(This post was originally written for Vinspire and is re-produced here with their kind permission)
Sometimes it’s difficult when you walk into a wine shop and are trying to decide on a bottle of wine, particularly if you are thinking of trying something different, a new region or a new grape, for example. What if you don’t like the new wine you choose? What if you’re taking it round to a friend’s for dinner and it turns out to be awful? Nightmare! Wouldn’t it be great if there were a wine shop that allowed you to sample its wine selection before you buy?
Well, step forward The Sampler. I visited their branch in Islington which was the first shop in the country to feature the revolutionary Enomatic machines. These machines are essentially wine vending machines; bottles of wine are opened and then hooked up to it so that you can sample from it. The clever part is that the wines are hermetically sealed so that they stay good once opened; as wine is extracted from the bottle, air is prevented from entering meaning that the contents are preserved (in practice they can stay on the machine for about a couple of weeks without the contents being spoiled). The sheer beauty of this system is that one can then select a small quantity of a wine to sample and hence decide whether or not it is suitable for purchase. At the Sampler you can take wine in 25ml, 50ml or 75ml samples.
Dawn, The Sampler’s manager, explained that at any given time they have 80 different bottles of wine open and available on the machines to sample. These wines vary from bottles under £10 to top Bordeauxs that costs hundreds of pounds per bottle. They make a point of having some stellar names open for people to try (even if the samples do cost over a tenner!), but what better way to try a top wine before you buy? If you were going to shell out hundreds for a bottle, it’s quite nice to have the option to give it a quick test drive before you buy!
The wines are also grouped by type. For example, they have a Chardonnay section, a Riesling/sweet wine section, a Spanish reds section, etc. Dawn explained that the idea here was simple, many people come in with a preconception; for example, “I like Sauvignon Blancs from New Zealand”. At The Sampler they exhibit a New Zealand Sauvignon Blanc next to ones from the Loire so that people can experiment a little. Many people find are surprised that although they liked the NZ version, they also liked the other varieties.
The payment system is also very clever. You pay using an electronic card which you top-up with money (like an Oyster card). You then put the card into the machines and away you go.
While I was there I thought it would be rude not to try some of the wines on show:
2012 Poe Ferrington Chardonnay (California USA), £38/bottle, samples: £1.90 for 25ml, £3.80 for 50ml, £5.50 for 75ml. Enticing bouquet with hints of vanilla and butter, on the palate it was balanced with fresh flavours of peaches and apricot. 7.5/10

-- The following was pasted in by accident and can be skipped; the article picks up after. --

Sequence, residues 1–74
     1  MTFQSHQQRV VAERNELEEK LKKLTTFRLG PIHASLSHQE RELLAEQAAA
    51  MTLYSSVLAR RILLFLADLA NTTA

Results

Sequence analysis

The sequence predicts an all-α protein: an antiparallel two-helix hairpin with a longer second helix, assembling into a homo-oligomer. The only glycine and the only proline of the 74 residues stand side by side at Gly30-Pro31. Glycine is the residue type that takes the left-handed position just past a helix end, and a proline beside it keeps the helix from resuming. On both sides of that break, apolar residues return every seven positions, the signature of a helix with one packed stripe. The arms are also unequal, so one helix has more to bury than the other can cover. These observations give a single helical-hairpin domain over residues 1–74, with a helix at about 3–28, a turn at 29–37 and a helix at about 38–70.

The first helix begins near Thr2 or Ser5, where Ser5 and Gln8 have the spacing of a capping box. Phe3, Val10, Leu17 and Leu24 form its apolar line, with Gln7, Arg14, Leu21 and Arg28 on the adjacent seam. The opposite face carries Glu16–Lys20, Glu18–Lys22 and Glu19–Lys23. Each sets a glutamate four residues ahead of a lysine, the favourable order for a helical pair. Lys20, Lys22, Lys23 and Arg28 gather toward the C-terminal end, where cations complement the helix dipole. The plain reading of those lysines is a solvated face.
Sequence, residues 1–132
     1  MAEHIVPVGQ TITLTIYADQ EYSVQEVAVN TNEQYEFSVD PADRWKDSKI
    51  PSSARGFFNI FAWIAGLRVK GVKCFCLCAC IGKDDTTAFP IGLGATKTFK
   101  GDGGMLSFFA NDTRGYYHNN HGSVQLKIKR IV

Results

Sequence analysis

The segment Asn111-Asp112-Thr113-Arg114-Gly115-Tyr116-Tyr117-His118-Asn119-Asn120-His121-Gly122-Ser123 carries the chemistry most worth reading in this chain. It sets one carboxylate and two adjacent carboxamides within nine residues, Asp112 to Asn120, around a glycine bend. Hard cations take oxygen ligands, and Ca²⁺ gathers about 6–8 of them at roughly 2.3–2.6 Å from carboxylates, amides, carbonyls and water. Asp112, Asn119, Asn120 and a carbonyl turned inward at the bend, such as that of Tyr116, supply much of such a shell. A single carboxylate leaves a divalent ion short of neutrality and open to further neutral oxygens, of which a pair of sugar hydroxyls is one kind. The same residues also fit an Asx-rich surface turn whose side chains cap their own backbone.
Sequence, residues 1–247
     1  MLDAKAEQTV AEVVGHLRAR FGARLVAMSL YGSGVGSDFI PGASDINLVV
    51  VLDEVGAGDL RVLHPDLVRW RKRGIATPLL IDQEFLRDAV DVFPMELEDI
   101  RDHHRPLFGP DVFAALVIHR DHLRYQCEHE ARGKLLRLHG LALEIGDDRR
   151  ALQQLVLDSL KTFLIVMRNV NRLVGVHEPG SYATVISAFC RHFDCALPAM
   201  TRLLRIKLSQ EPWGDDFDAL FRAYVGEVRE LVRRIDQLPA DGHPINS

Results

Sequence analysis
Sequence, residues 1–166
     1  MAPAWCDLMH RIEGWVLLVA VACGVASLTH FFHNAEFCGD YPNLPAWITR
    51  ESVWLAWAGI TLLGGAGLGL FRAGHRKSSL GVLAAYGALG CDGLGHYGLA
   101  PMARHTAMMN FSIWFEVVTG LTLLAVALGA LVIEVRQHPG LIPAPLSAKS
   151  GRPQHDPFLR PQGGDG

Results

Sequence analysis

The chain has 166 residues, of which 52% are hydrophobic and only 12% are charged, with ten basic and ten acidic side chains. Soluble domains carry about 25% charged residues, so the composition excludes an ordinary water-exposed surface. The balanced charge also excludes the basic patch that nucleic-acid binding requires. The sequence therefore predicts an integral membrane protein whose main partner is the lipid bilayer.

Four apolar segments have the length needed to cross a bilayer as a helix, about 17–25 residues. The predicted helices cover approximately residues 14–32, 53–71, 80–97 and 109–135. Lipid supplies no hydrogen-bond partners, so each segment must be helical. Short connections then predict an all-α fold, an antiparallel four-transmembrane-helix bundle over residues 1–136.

2011 Sylvan Dussort (Meursault, Burdgundy), £35/bottle, samples: £1.80 for 25ml, £3.50 for 50ml, £5.20 for 75ml. Rather welcoming smell, if a little restrained, with a mineralic taste on the palate which lacked a little acidity for me. 6.5/10
Trying these two wines was perfect for me, seeing the difference of expression of the Chardonnay grape between the Old World and the New World. It would be easy to “play it safe” and buy a Meursault, but if I were to choose between these two wines I know which one I would be buying!
2010 Stephan Ehlen Erdener Treppchen Riesling Auslese (Mosel, Germany), £25.90/bottle, samples: £1.30 for 25ml, £2.59 for 50ml, £3.88 for 75ml. If you read my blog on my J. J. Prüm tasting you will know that I am a bit of a sucker for Auslese Rieslings from the Mosel, so I was excited to try this one out. On the nose it was all peaches and sweet apricots, on the mouth it was fresh and zingy with a decent bite of acidity to it. Not as good as Prüm (but then very few are), but a fraction of the cost, 8.0/10.
Now for some reds…
2011 Ridge Lytton Springs (California, USA), £37/bottle, samples: £1.85 for 25ml, £3.70 for 50ml, £5.55 for 75ml. Slightly dense aroma rich with dark fruit, elegant and refined on tasting with an impressive, yet understated, power to it. Serious wine, 8.0/10
1999 Chateau Musar (Lebanon), £34/bottle, samples: £1.70 for 25ml, £3.40 for 50ml, £5.10 for 75ml. I was delighted to see this wine available to taste as I had read a lot about it in recent times. As you would expect from a 15 year old wine, the colour was very much faded, but it had a deep and complex aroma featuring earth and tobacco. I was a little disappointed with the taste, lacked body and was a touch astringent. I wouldn’t buy this one, but I am keen to try a younger vintage and see how I get on with that, 6.0/10
There you have it, five wines tasted all for under £10. Armed with this knowledge I would be a lot more empowered to make a decision about which of these wines I would buy. But the innovation doesn’t stop there! They have a new system which is called “The Growler” whereby they can fill up a pot with 1893ml (64oz – it’s an American system!) of craft beer which when opened at home will give you three and a third pints of ale that taste just like it has been pulled at a pub. They will have four different craft ales to choose from, you have to pay £5 deposit for the pot (which features a picture of Ivy, the shop dog!) and then the ales cost around £12.
With so much choice and a continually changing line-up on the Enomatics I am sure to be returning soon!
The Sampler has two branches in London, one in Islington and one in South Kensington.
(Disclaimer: I did not pay for the samples that I tried. Thank you to Dawn and The Sampler for their hospitality).
Reblogged this on Thea's Blog.
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